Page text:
As he made his way to Jesus, he probably worried about the possibility that Jesus, like other Jewish rabbis, would take a dim view of his homosexual relationship. Perhaps he even considered lying. He could simply use the word duolos. That would have been accurate, as far as it went. But the centurion probably figured if Jesus was powerful enough to heal his lover, he was also powerful enough to see through any half-truths.
So the centurion approaches Jesus and bows before him. “Rabbi,” my the word gets caught in his throat. This is it the moment of truth. Either Jesus will turn away in disgust, or something wonderful will happen. So, the centurion clears his throat and speaks again. "Rabbi, my pais, yes, my pais, lies at home sick unto death.” Then he pauses and waits for a second that must have seemed like an eternity. The crowd of good, God fearing people surrounding Jesus probably became tense. This was like a gay man asking a televangelist to heal his lover. What would Jesus do?
Without hesitation, Jesus says, “Then I will come and heal him.”
Its that simple! Jesus didn’t say, “Are you kidding? I’m not going to heal your pais so you can go on living in sin!” Nor did he say, "Well, it shouldn't surprise you that your pais is sick; this is God’s judgment on your relationship.”
Instead, Jesus’ words are simple, clear and liberating for all who have worried about what God thinks of gay relationships. “I will come and heal him.”
At this point, the centurion says there is no need for Jesus to travel to his home. He has faith that Jesus’ word is sufficient. Jesus then turns to the good people standing around him those who were already dumbfounded that he was willing to heal this man’s male lover. To them, Jesus says in verse 10 of Matthews account, “I have not found faith this great anywhere in Israel.” In other words, Jesus holds up this gay centurion as an example of the type of faith others should aspire to.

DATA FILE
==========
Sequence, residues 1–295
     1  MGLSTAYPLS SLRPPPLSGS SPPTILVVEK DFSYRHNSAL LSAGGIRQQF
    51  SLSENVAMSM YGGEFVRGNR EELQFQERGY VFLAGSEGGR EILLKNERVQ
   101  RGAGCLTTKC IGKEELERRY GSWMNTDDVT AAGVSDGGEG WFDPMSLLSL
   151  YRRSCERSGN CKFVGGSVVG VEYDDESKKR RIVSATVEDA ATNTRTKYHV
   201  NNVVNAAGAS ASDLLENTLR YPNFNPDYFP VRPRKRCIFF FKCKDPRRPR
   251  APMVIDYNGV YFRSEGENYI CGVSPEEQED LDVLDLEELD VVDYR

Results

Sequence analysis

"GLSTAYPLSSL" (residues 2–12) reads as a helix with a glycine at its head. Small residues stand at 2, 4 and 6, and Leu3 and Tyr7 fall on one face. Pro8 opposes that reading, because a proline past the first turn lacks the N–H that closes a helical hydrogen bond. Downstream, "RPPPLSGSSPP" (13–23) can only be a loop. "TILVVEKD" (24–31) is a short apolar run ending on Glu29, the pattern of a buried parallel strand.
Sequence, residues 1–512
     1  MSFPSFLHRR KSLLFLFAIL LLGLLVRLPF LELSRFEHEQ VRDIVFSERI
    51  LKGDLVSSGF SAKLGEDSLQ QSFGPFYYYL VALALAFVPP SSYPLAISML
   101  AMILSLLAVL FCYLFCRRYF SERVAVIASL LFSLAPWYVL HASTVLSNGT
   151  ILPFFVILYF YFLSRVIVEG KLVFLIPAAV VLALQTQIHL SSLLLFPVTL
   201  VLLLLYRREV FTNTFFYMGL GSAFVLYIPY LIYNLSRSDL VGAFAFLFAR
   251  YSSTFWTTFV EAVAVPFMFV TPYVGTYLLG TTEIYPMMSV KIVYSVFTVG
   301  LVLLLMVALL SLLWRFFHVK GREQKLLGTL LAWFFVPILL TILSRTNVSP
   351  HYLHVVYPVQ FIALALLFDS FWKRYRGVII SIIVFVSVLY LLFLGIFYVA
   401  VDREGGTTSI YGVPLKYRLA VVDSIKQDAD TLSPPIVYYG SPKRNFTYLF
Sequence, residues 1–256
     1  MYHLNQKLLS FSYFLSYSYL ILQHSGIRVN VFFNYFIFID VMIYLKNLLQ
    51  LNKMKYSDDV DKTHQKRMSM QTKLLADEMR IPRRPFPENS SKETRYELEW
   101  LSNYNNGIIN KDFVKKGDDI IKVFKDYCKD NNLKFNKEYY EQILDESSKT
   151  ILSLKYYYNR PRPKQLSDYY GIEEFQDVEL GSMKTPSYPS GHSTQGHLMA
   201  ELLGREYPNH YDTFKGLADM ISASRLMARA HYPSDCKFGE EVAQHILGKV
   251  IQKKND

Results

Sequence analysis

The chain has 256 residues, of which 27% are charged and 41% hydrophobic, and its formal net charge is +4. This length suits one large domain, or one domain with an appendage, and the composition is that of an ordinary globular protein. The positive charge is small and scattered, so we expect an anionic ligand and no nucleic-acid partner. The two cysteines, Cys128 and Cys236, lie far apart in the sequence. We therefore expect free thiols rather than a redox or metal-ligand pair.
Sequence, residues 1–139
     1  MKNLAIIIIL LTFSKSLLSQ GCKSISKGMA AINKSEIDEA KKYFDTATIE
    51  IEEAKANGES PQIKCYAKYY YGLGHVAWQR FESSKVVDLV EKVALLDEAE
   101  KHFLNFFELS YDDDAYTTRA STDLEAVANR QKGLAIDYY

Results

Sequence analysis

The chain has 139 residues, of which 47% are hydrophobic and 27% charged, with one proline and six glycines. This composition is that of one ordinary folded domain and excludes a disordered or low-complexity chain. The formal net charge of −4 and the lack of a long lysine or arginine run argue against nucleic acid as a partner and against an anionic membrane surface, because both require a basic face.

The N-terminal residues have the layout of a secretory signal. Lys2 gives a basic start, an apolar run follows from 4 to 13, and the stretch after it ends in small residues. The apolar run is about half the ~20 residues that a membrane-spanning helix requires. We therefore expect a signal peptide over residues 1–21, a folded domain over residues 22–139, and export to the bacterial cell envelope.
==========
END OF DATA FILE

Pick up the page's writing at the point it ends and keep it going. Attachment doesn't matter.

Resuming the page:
Jesus didn’t just tolerate this gay centurion. He said he was an example of faith someone we all should strive to be like.
Then, just so the good, God-fearing people wouldn’t miss the point, Jesus speaks again in verse 11: “I tell you, many will come from the east and the west (i.e., beyond the borders of Israel) to find a seat in the kingdom of heaven, while the heirs (i.e., those considered likely to inherit heaven) will be thrown into outer darkness.” By this statement Jesus affirmed that many others like this gay centurion, those who come from beyond the assumed boundaries of God’s grace are going to be admitted to the kingdom of heaven. And he also warned that many who think themselves the most likely to be admitted will be left out.
With this story, we rest our case. Who could ask for more? In this story, Jesus restores a gay relationship by a miracle of healing and then holds up a gay man as an example of faith for all to follow. What more do our fundamentalist friends want? Who is Lord? Jesus or cultural prejudice?
18. K. J. Dover, Greek Homosexuality (Harvard University Press, Cambridge, 1978), page 16; Bernard Sergent, Homosexuality in Greek Myth (Beacon Press, Boston, 1986), page 10.
19. Mercer Dictionary of the Bible (Mercer University Press, Macon, 1994), page 554.